“That person may be so scared, frightened or unsure that they may not know what to say or how to say it,” she says. “Our position is that everyone has the right to safe and pleasurable sexual activity and the only way to know for sure that both partners want what’s happening is to be very clear with your communication.”
What is stealthing?
As stealthing is a relatively new legal term, little research exists on its prevalence in communities. A study by the Melbourne Sexual Health Centre in 2018 surveyed 2,883 women and 1,063 men, all of who have sex with men, on their experiences of the act.
The survey found 32 per cent of women and 19 per cent of men reported experiencing stealthing. Both groups of participants were found to be three times less likely to consider the act as sexual assault, than those who had not experienced it.
Perth clinical psychologist Carolyn Bright says stealthing is steeped in feelings of betrayal, anger and violation.
“It creates a lot of concern about, ‘have I picked up an STI?’, ‘am I HIV positive?’ Pregnancy is a concern,” she says, “Sometimes in the moment, it’s hard to collect your thoughts. You’re quite activated, emotions are high.”
Bright says for some of her patients who experienced stealthing, the ramifications had been huge.
“I can think of several patients where HIV transmission occurred, which really is a life-changing diagnosis,” she says.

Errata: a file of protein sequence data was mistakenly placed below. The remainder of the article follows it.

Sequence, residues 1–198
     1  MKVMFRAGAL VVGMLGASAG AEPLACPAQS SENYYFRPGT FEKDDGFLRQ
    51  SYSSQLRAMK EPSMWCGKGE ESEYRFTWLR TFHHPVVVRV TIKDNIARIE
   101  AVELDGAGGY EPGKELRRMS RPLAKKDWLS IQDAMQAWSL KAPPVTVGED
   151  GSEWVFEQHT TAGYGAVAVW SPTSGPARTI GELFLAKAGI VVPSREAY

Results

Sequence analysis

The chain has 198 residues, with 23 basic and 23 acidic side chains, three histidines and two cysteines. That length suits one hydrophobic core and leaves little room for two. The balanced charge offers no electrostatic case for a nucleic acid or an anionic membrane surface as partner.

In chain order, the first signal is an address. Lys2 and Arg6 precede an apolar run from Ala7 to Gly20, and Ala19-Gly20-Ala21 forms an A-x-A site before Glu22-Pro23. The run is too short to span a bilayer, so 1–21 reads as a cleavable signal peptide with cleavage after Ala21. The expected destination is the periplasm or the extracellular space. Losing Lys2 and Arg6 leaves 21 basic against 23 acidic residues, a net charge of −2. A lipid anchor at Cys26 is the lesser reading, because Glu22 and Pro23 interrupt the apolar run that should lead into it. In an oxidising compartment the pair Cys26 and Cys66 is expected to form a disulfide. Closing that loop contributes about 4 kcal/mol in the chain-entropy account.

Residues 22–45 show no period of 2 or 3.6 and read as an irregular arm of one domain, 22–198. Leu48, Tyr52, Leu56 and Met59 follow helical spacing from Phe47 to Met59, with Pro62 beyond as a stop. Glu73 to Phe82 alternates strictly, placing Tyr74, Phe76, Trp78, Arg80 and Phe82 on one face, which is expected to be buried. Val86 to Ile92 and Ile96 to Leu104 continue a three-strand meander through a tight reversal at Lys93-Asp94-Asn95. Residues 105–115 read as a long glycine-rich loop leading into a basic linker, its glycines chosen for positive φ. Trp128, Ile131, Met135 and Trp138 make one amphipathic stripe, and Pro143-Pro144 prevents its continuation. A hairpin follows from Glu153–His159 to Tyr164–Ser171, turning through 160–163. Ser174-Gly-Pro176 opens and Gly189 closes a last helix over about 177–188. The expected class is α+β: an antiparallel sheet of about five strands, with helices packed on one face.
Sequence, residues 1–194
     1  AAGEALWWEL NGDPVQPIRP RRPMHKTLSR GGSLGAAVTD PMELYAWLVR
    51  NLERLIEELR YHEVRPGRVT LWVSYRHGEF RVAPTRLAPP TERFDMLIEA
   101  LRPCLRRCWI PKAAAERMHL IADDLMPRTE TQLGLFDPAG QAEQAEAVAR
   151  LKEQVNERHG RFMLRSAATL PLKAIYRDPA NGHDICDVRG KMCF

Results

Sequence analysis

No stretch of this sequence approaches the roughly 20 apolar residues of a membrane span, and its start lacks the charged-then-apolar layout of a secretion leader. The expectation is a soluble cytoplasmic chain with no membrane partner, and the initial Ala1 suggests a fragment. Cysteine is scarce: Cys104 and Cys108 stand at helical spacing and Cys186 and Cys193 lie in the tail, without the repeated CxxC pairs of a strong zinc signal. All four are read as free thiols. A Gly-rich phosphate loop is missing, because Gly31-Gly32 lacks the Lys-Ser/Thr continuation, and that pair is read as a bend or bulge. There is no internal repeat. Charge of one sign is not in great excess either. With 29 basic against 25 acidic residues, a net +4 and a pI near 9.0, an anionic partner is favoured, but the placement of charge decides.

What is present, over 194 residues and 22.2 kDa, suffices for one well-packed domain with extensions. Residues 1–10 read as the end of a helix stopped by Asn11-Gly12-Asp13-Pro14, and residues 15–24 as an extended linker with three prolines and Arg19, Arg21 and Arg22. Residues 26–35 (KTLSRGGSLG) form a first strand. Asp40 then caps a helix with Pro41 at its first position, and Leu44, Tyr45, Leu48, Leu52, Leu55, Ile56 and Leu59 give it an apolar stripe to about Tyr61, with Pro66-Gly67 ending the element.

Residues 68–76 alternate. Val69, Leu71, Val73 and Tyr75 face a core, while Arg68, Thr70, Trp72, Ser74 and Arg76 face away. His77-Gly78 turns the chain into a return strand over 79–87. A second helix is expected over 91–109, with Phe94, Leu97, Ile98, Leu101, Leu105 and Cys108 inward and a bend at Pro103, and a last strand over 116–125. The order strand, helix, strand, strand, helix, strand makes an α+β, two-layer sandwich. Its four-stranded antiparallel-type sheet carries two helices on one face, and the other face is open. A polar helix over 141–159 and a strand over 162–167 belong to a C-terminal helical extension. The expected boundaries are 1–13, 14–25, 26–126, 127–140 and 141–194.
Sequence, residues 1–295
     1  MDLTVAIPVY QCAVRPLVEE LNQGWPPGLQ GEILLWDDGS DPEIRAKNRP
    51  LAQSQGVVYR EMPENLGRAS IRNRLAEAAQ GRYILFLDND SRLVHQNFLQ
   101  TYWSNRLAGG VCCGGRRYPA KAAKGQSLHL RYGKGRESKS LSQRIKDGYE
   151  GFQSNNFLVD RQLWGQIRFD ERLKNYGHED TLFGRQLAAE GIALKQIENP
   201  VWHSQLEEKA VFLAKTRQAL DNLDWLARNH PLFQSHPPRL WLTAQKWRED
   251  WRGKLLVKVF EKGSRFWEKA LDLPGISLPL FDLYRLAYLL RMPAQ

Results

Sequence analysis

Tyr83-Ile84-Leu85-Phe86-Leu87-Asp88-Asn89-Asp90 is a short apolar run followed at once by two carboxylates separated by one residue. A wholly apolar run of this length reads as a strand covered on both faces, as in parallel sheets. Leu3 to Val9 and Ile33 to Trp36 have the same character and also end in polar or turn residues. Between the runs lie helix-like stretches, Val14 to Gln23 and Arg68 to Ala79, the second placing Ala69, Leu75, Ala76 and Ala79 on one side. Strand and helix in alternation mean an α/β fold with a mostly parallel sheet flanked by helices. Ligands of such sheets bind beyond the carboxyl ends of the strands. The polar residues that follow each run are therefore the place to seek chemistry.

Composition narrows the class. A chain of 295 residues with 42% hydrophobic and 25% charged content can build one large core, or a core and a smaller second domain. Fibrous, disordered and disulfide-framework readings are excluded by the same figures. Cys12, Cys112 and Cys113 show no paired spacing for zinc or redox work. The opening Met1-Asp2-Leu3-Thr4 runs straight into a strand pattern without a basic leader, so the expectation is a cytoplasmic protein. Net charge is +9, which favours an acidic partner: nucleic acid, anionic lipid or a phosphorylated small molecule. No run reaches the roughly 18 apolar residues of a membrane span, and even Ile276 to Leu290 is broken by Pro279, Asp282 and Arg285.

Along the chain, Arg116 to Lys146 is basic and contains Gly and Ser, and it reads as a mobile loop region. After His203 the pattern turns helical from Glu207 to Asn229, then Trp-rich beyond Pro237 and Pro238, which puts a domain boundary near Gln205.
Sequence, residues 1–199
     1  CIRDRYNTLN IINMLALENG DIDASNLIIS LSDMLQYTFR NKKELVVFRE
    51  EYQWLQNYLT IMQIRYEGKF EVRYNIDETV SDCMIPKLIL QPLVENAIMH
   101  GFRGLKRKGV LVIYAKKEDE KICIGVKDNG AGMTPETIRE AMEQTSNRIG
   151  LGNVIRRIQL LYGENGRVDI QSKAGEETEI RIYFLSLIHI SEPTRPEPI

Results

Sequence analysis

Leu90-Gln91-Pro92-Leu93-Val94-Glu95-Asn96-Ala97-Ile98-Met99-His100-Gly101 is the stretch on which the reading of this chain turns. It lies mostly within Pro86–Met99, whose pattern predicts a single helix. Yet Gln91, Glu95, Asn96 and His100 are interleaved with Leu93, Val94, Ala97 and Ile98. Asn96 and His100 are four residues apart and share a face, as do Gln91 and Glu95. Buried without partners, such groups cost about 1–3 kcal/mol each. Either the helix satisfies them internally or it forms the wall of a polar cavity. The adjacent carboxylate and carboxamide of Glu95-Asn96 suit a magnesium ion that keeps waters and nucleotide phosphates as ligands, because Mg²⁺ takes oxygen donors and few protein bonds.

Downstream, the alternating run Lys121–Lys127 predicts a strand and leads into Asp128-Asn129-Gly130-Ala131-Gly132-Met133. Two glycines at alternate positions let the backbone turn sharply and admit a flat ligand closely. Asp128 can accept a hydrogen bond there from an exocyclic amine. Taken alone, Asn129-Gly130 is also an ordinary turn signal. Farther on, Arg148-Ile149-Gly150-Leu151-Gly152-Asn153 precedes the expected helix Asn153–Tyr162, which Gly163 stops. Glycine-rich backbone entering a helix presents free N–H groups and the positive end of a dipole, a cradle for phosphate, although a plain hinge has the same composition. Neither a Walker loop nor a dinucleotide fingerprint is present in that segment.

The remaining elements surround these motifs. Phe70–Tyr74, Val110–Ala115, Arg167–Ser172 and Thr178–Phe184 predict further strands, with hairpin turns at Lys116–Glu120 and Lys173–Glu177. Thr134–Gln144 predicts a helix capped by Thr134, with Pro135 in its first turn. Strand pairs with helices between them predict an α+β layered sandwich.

“Despite it is a disease now that is managed very well and there’s lots of great medication to assist, it’s really changed people’s lives not only physically but psychologically.”
Ms Bright says if stealthing was illegal, it would provide an avenue for those wanting to make a complaint or pursue a legal aspect.
“It gives them somewhere to go,” she says, “I think it also serves as a deterrent to people who might think about stealthing another person.”
Despite this, Bright acknowledges the “emotionally taxing” process of managing the criminal justice system as a survivor. She says although sexual assault remains a hard crime to prosecute, it doesn’t mean the system should not try and improve.
“Although [legislation] might not be the answer to everything, every step we can take to clarify, empower and keep people safe, I think that’s a step in the right direction.”
Elsewhere in the world, stealthing remains non-criminalised in most countries. Switzerland is one country to recently uphold stealthing as a non-punishable act in its federal court. Last year, the Swiss Federal Supreme Court ruled the act of stealthing does not concern an “incapacity to resist”, and is instead characterised by a person’s, “mistaken belief” that protected sexual intercourse is being practised.